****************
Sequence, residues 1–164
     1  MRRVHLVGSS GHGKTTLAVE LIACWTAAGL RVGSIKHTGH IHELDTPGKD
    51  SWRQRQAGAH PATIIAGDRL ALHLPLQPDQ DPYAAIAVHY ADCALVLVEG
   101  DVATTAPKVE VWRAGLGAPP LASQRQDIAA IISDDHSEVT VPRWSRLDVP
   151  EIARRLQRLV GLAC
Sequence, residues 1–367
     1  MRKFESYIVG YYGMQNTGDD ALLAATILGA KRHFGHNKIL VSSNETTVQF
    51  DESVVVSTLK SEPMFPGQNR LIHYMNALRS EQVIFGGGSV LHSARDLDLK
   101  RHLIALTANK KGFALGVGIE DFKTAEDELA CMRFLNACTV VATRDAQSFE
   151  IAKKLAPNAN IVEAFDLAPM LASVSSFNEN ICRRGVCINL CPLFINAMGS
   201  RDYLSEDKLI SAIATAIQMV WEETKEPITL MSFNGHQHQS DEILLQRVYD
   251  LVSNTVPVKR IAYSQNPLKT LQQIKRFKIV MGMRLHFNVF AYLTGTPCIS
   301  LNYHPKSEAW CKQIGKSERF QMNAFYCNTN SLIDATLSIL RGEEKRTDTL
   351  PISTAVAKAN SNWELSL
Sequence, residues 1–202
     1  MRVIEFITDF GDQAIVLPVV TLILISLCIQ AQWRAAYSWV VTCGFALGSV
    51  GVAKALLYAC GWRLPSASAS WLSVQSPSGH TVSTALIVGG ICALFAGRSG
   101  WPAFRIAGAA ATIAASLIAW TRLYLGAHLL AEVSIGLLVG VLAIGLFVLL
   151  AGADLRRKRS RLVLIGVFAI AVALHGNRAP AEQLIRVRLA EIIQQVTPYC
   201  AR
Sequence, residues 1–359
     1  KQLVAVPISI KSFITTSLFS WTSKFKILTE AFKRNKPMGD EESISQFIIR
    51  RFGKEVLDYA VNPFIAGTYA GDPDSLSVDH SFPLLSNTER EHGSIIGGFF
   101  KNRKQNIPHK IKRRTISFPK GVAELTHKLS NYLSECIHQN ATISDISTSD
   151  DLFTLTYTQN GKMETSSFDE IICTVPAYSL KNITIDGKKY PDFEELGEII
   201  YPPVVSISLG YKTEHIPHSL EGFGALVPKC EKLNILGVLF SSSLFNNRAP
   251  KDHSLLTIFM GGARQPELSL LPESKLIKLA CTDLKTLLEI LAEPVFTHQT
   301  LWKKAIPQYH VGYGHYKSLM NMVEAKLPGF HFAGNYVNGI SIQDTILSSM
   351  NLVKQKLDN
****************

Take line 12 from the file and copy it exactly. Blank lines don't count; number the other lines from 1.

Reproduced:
   251  LVSNTVPVKR IAYSQNPLKT LQQIKRFKIV MGMRLHFNVF AYLTGTPCIS